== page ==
19 days left.

I do not want to be a stay at home mom. I’ve always suspected that would be the case but I am now 100% confident.

I have 19 days left of maternity leave. Yes, it is going to be hard for me to leave August but I really can’t do this any longer. I feel resentful when Lesley leaves everyday. I want to leave, too. I want to have time away and be able to interact with other people and come home and enjoy my son.

Today the boy has been especially fussy. Since waking 5 hours ago the longest he has slept was 18 minutes. Most of the rest of the time has been him screaming for an unknown (to me) reason. In the 18 minutes I showered. Today was slated to be the second day with the babysitter. The first day she came while I was home (hiding in the bedroom) last week. The plan today was for Lesley to work a half day and we were going to go to lunch and a movie.

I got out of the shower to a text from the sitter saying she woke up with a stuffy nose. Lesley and I debated but decided it would be best for her not to come today. So today, on the first day we planned to get out alone together, it’s a no go. We have one more arranged sitter day before I go back and on that day I have a meeting and dentist appointment.

I feel trapped. I feel like I am home trying to clean up after everyone all the time. I feel lonely and isolated and then guilty that I am not savoring this more. I feel like a terrible mom for wanting to go back to work and then I take all these feelings and realize this is what it feels like to be a mom.


Posted on December 10, 2014, in Uncategorized. Bookmark the permalink. 12 Comments.

  1. That’s a bummer, those outings without the kid are needed sometimes. I’ve thought before that we need a second maternity leave when the baby is like 6 months when you can enjoy him/her more. Although there are some magical moments in the newborn phase, most of it is spent just trying to survive…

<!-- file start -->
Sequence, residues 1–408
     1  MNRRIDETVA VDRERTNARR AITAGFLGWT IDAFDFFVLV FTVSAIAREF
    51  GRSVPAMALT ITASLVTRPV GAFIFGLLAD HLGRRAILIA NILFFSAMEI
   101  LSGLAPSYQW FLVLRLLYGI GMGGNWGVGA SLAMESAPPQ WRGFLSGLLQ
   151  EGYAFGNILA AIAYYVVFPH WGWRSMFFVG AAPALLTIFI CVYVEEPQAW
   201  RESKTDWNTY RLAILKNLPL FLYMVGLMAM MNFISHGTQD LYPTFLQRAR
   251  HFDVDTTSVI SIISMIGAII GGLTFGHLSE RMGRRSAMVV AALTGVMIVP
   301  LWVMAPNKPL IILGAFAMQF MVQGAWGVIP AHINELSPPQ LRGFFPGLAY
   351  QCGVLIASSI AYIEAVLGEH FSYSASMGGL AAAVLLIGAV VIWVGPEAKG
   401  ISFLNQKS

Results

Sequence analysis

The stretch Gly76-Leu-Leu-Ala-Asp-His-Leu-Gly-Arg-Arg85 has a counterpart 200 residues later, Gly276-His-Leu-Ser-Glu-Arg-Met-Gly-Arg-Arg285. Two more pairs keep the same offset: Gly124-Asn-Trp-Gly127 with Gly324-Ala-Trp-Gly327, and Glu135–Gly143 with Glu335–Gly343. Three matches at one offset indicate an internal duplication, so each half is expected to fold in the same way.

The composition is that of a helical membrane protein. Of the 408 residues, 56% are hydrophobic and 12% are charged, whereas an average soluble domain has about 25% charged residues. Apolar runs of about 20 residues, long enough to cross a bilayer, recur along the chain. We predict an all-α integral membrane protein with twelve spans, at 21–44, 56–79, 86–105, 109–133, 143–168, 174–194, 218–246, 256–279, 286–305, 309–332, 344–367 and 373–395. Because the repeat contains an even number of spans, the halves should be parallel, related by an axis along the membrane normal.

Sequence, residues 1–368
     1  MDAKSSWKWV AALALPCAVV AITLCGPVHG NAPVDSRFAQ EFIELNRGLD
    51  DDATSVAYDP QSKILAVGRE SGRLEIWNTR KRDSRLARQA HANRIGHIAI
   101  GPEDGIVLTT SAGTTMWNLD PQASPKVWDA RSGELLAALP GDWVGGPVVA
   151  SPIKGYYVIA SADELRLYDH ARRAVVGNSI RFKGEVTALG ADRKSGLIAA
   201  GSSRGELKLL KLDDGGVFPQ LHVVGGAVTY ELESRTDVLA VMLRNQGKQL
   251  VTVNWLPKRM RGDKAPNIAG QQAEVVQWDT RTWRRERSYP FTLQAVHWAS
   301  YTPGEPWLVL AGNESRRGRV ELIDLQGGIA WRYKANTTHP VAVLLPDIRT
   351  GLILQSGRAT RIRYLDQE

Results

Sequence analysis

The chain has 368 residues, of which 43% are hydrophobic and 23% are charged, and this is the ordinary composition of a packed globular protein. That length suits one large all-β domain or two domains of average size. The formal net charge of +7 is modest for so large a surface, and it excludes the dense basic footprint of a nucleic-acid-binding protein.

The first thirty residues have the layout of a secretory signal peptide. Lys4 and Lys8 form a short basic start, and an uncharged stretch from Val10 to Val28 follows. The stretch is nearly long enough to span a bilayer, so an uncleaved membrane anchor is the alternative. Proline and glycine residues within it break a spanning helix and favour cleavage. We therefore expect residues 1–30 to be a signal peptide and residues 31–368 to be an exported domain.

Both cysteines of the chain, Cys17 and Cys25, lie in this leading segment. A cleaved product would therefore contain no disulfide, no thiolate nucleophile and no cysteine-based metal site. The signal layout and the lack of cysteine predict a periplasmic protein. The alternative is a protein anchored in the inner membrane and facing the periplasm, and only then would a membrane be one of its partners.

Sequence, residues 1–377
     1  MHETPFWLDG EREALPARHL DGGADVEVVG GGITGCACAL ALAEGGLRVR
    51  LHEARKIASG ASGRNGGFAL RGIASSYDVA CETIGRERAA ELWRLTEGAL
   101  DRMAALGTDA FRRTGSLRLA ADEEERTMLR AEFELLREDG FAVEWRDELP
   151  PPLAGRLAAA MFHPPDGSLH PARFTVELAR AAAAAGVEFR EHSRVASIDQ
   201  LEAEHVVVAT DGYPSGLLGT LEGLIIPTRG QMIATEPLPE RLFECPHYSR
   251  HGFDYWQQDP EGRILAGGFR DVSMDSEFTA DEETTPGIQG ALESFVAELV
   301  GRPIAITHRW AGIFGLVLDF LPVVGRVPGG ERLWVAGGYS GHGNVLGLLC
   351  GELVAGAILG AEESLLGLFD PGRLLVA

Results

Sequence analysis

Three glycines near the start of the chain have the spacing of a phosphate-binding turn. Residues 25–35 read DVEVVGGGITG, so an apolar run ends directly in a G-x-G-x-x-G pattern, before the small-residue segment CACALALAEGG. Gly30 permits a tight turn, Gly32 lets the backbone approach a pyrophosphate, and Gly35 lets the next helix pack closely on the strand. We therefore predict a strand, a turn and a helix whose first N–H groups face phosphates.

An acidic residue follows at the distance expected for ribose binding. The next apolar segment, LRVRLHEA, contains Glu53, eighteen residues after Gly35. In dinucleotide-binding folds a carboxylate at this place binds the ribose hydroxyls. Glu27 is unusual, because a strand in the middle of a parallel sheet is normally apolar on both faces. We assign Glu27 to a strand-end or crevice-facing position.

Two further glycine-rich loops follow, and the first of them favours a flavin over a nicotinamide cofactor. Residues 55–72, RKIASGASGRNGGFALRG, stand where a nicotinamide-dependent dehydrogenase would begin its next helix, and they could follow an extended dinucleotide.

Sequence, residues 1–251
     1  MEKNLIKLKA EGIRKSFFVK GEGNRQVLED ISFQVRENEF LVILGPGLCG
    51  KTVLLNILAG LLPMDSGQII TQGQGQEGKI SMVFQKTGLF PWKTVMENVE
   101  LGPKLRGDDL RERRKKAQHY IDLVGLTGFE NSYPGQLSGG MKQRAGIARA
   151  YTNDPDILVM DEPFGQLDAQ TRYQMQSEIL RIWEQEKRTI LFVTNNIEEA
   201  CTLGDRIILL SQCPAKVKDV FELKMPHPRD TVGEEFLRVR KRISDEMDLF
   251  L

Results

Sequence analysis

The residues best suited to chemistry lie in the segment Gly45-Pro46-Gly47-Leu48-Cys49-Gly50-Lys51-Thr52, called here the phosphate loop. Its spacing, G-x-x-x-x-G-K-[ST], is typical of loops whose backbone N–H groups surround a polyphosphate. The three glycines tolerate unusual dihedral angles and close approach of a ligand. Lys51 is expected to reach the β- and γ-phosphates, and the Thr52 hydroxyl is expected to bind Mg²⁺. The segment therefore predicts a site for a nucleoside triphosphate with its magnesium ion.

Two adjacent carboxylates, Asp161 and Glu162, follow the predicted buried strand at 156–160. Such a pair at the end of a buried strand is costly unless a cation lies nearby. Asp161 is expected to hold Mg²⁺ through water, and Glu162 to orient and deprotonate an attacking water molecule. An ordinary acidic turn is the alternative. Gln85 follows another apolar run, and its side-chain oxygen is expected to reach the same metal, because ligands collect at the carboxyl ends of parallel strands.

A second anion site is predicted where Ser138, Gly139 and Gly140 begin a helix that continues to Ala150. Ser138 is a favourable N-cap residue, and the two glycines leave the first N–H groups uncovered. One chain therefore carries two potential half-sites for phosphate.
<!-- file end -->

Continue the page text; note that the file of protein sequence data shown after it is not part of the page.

2. I think stay at home mommies work way harder than us moms who work outside the home.

  3. It really does take a different type of person. Everything you’re feeling is honest and true and it’s nice you acknowledge it. Don’t feel guilty. Sometimes, I feel like my whole day of parenting is nothing more than an unpaid job with zero benefits and too many screaming toddlers. It can be very isolating and mind numbing. I’m glad you’ll be going back to work soonish so you can have a bit of your autonomy back. Taking care of yourself is just as important and will make you feel like the really awesome mother you are! Hoping you find a little more adult conversation and some rest and peace these next nineteen days!

  4. You sound exactly like my wife. Being a stay at home mom is a lot more awesome in theory sometimes than in actuality.

  5. Don’t you feel guilty about your feelings. I have told people from the beginning that I am not a stay at home mom for a reason! I can’t do it. I love my kid, but she’s going on three and she’s tiny toddler terrorist most days. I do not envy my wife one bit! LOL.

  6. It’s good that you had suspected this before August was born, at least it wasn’t a total shock! MamaLee talks about being a stay-at-home mama, but I suspect she would very quickly change her mind once the reality sunk in.

    • Yeah, you never really know until you are doing it. I had the opposite happen, it never crossed my mind to be a stay at home mom, I really loved my job (and I love money), but I went back to work for about 6 weeks before deciding I couldn’t do it.

  7. Preach! 🙂 Being alone all day with a baby (slash toddler, slash combination) is hard. Isolating. Crazy-making. Especially a newborn! And then they have the gall to grow and change so quickly that you feel awful about having those totally understandable thoughts & feelings.

    I remember the trapped feeling well, an itchy feeling of wanting to escape for a bit so I could fully be my own person without anyone attached to my breast. It was so necessary for me to have many, many opportunities to get out and do my own thing, out in the real world with adult interaction.

    I currently work as little part time as we can financially get away with. And yet, even now, even though I long to be a full-time SAHM, there are days when I look at the clock a million times, silently counting down the hours until Laura gets home and I can tap out if needed. The last couple of hours are always the hardest for me.

    Laura felt more like you do about it all. That works very well for us, as she has no desire to stop working full time and doesn’t resent the sacrifices we make so I can be home with the kids as much as possible (which I didn’t think I’d want before I birthed R). She’s been there, stayed home for 4 months when W was born, and felt to a tee like you described. Which makes her not a terrible mom, but an awesome mom, because it makes her a better wife who “gets it”. She knows how much tedious grunt work is involved (aka the ever-cleaning of somethings or someones) and is amazed when there’s a meal ready to eat when she gets home – and is completely understanding & helpful when there isn’t (aka the majority of the time).

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